Last week Dr Dieter Zetsche had good reason to be proud, the raison d’etre of independence vindicated. From what seems only a short while since the untangling of Daimler-Chrysler, the de-shackled organisation has proven its theory of a de-restricted Daimler when given free reign will perform. The associated €500m cash burn in re-structuring costs more than off-set by the €2.2bn ‘relief’ of legacy etc responsibility; limited by a $1bn 5 year exposure guarantee.
In essence, the FY2007 results demonstrate that there has been a renewed sense of self, responsibility and accountability (generated by the CORE initiative) across company’s 5 divisions, all except the Finance division turning-in notable pre-tax YoY growth:
MB Cars - €2977m growth (€915m to €3,892m)
Daimler Trucks – €340m growth (€1,107m to €1,447m_
Daimler Vans, Buses & Other- €711m growth (€277m to €988)
Daimler Finance - €185m drop (€218m to €33m)
To demonstrate the tangibility of a singular Daimler, great effort has gone into demonstrating long-term stock-holding value; primarily by undertaking, and promising to continue, the share-buyback scheme rewarding previous investors and promising improved dividends and probable capital returns for present and future investors via the share cancellation/reduction policy. This action greatly assisting in raising the Equity Ratio for Daimler Group from 16.5% in ’06 to 26.8% in ’07 - this trend sustained with a recommended retained use of €10.4bn of the €12.4b net earnings, the remaining €2.0bn used for dividends.
Much of that revenue and profitability stemmed from strength in the MB Cars and Daimler Truck groups with additional income from investment dividends, disposal of EADS stock and other sources such as Japanese real estate sales. Looking at the core contributors…
2007 was a record sales year for MB Cars, and company forecasts expect even better for 2008 and beyond as premium segment car sales growth rates are projected to outpace mainstream segments in 5 of its 7 identified global markets: namely North America, Latin America, Eastern Europe, Russia, China and Japan. As MB had planned, much of the re-structuring groundwork for the division paid-off, assisted by increased global volumes, and improved product mix and better efficiencies/capacity utilization which effectively reduced both fixed operational overhead and variable (labour, parts) costs. These overcame the negatives of: a strong Euro vs weak Dollar & weak Yen & controlled weak Yuan; the need to financially and operationally support a weakened supplier base to ensure components logistics; increasing raw material costs. This last issue is set to escalate as steel producers agree to a general 65% increase in basic iron ore prices and a 71% in higher quality material. Steel producers obviously cannot absorb that level of rise, even with their higher efficient, consolidated mills and operations. Thus inevitably car-makers will have to partially absorb these costs. This critical economic driver will prompt further exploration in the viability of alternative materials such as aluminium alloys and green sourced plastic composites that will also assist in required CO2 reduction. MB Cars may be able to utilise and scale-up learning from Maybach and McLaren projects to eventually integrate across the whole vehicle range.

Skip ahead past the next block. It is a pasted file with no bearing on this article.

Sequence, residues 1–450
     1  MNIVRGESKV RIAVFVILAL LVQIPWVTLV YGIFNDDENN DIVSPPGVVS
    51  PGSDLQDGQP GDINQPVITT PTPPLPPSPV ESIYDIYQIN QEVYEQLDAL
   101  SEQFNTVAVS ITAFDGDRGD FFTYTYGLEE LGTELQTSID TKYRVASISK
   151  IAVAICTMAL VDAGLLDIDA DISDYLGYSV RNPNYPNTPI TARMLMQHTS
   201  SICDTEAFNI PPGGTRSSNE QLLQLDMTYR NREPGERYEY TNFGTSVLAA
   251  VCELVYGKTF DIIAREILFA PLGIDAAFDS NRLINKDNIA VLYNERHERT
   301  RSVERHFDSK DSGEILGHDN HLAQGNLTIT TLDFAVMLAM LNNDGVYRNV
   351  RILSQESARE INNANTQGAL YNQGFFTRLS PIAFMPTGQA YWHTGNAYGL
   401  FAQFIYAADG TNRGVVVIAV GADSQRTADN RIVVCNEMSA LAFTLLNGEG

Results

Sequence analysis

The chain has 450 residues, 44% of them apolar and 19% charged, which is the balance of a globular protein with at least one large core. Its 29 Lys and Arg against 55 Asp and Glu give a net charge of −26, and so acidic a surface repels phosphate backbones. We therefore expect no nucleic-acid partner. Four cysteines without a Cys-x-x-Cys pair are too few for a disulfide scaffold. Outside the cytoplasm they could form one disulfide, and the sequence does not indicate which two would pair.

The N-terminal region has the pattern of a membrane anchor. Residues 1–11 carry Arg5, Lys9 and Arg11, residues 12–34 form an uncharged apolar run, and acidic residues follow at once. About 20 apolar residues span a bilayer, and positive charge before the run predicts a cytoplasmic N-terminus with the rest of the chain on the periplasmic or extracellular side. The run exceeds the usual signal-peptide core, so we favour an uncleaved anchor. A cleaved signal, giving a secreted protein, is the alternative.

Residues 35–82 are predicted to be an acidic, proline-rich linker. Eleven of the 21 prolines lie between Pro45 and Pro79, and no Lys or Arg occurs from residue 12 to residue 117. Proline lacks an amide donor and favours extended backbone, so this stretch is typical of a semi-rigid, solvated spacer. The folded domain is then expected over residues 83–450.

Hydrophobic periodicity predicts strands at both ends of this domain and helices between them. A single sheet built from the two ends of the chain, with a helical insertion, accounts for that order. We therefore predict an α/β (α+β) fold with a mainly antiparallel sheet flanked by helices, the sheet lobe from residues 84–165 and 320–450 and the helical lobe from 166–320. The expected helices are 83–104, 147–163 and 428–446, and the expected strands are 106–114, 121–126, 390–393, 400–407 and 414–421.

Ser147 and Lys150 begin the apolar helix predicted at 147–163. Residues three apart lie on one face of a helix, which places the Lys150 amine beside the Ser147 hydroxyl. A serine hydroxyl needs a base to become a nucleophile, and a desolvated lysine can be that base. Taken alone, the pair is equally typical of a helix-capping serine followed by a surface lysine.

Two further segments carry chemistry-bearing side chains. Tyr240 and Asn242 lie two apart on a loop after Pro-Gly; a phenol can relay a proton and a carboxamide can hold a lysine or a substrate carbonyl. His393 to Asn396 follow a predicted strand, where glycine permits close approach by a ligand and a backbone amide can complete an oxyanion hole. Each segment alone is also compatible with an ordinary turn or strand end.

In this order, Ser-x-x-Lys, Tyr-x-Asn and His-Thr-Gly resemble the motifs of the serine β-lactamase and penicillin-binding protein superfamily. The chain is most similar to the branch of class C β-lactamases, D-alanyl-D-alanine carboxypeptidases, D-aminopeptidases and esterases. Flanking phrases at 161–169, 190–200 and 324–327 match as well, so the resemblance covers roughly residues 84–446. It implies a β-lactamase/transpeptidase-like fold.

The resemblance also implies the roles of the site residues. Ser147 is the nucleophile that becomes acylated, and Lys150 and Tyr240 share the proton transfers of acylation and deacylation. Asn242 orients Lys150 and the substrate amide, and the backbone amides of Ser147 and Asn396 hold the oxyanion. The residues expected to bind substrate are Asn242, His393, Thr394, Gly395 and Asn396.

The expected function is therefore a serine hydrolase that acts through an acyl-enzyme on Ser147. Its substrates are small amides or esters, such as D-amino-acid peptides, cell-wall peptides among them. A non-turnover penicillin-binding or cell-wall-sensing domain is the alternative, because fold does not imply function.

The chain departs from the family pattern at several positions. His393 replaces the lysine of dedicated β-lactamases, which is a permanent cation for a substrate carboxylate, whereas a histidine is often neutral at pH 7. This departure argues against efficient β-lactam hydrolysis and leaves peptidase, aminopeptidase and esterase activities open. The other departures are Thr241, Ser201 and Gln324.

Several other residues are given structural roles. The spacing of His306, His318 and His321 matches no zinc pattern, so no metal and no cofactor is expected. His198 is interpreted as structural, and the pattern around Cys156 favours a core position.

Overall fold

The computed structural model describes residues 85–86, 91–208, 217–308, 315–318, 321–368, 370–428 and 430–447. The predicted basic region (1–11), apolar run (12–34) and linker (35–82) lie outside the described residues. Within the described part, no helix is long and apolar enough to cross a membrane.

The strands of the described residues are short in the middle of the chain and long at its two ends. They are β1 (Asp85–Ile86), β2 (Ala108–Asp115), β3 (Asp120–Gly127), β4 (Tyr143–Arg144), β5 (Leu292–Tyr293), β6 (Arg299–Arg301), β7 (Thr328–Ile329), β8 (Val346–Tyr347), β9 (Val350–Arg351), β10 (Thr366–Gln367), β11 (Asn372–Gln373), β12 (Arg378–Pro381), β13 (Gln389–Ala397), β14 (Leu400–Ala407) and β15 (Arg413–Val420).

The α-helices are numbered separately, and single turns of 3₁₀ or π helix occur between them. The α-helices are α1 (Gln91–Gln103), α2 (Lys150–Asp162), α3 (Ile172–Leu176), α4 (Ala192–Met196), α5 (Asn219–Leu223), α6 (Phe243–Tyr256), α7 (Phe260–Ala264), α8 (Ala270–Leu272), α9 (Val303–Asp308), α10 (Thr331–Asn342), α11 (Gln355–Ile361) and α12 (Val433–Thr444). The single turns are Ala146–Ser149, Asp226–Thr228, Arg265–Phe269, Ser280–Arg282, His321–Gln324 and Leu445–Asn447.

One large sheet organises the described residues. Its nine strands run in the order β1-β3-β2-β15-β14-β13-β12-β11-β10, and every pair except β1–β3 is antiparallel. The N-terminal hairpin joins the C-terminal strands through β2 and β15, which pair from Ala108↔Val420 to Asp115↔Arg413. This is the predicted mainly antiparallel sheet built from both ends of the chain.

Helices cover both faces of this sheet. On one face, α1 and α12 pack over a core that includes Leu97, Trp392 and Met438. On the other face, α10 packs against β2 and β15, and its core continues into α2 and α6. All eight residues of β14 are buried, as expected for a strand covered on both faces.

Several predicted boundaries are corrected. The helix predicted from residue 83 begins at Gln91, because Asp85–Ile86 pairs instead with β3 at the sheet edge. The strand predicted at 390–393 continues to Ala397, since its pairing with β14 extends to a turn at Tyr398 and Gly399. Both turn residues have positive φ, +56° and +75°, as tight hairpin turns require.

The Cars group saw a hit from the loss of 2 poor performing Smart models (Roadster & ForFour), but the new ForTwo city car showed the maintained interest of triad markets, as it becomes an urban mobile staple, that market favour extended since available in diesel, electric and soon to be hybrid versions. New Class has been warmly welcomed as the core product finally ‘splits’ into comfort vs sport characters, the latter given more freedom to chase BMW 3 series, Audi, Lexus etc models. The board will be hoping that MB can technically prove itself in Ride & Handling regards with an ideally broadened breadth of R&H ability; so as to seriously contend within the sporting sedan arena. As a consequence of improved platform ‘tune-ability’, E series will also offer more sporting credentials (to vie against 5 series and Jaguar XF) as the two MB cars share the same technology set – a demand that we believe is overdue but finally here. But it is the massive raft of new vehicle introductions that will underpin MB success over the next 2 years; these effectively replacing the complete present line-up of cars and adding a crucially important baby Cross-Over.